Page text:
One of the slots for the bolts that holds the toilet to the flange is
cracked. The flange and drain pipe are both PVC, cemented together. I
tried using this internal pipe cutter to separate the flange. It's item
The idea is that you work the tool around the circumference of the drain
pipe just below the bottom of the flange. The problem is that the blade
is about 1/4 inch too small in diameter to get through the wall of the
drain pipe. (The thickness of the flange wall gets in the way.) A blade
about 1.5" would probably be perfect.
The problem is how to cut through the drain wall completely. The house
is on a slab and the bathroom floor is tiled, so repair kits that work
by slipping stainless steel rings between the flange and the floor won't
work. Zero gap.
The 3" grinding wheels shown here,
would probably work. (The inside diameter of the flange is 3.25 inches.)
I would have to get an spindle at least 3" long that fits into my
electric drill and extends below the bottom of the flange.
Any other ideas for removing the flange/drainpipe?
I should have mentioned that this is the replacement I'll use.
Just push it into the drain pipe. Triple red rubber seal. No need for
On Tuesday, September 16, 2014 8:24:05 PM UTC-4, David L. Martel wrote:
I don't think a cable saw is going to work, given that the pipe is in
a concrete slab. I think he's on the right track with a wheel. But instead
of looking at grinding wheels, I'd get a "cut off" wheel. They are
readily available at hardware stores, HD, etc. Or another saw like he has,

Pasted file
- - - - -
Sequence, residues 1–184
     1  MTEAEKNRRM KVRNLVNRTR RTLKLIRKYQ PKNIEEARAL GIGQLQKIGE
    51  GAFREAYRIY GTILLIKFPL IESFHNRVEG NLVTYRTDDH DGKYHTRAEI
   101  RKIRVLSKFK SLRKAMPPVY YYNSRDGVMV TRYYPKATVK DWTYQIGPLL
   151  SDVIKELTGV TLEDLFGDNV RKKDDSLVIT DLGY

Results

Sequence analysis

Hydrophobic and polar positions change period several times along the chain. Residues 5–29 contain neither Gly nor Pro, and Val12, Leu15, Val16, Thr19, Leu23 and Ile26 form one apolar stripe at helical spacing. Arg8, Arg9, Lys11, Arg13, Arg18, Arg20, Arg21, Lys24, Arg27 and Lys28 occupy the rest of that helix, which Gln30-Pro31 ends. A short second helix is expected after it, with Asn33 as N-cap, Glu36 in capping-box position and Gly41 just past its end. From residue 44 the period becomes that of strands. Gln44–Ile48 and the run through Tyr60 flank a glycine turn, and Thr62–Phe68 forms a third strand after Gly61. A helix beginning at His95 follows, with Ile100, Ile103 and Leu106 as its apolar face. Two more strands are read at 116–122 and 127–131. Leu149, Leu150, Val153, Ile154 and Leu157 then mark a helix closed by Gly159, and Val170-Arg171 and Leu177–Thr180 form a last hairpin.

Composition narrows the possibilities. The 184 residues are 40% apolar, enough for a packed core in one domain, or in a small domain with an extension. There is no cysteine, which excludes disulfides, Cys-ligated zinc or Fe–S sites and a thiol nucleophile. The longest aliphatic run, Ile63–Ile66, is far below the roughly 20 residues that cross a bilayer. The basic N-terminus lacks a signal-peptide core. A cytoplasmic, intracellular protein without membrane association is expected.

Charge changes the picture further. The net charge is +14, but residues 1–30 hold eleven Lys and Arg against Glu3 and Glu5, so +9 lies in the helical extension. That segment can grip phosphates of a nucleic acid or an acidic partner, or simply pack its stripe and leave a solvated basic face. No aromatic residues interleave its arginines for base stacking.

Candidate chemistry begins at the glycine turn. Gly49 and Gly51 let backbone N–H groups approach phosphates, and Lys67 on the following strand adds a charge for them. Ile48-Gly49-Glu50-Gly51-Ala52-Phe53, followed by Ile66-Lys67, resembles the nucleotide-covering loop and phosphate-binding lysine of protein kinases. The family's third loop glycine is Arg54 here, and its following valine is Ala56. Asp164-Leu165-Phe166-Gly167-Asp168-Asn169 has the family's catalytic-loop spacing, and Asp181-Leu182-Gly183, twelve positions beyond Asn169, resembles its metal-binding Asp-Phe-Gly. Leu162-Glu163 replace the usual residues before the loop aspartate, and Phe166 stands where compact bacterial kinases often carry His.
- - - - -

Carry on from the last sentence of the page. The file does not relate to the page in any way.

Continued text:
with a larger diameter blade.
The grinding wheels work, just used one a few days ago to cut down a
shower drain pipe in preparation for the drain itself. You don't need a
special spindle, any old bolt or threaded rod and nuts of the proper size
He's not trying to get under the flange on the outside.
He's trying to cut the ABS pipe under the socket of the floor flange
inside the pipe. That is, he's trying to cut through the ABS pipe
immediately under the floor flange so that he can stick a new flange
into the top of the ABS pipe.
The first thing I would do if I wuz the OP is stuff a rag down into that
pipe so that if I drop something, I could retrieve it. He can always
pull the rag out with a bent piece of stiff wire.
Oren, I think using a razor in such a confined space where there isn't
even room for your hand to function properly is a bad cut waiting to
I'm thinking that Home Depot tool rental should have a pipe cutter that
would cut through that pipe. It's a pretty common thing to need to do.
Most people have ABS or PVC toilet floor flanges in their homes, and
those flanges need to be replaced occasionally, and every last one is
cemented on. The only way to remove the old flange is with some sort of
internal pipe cutter.
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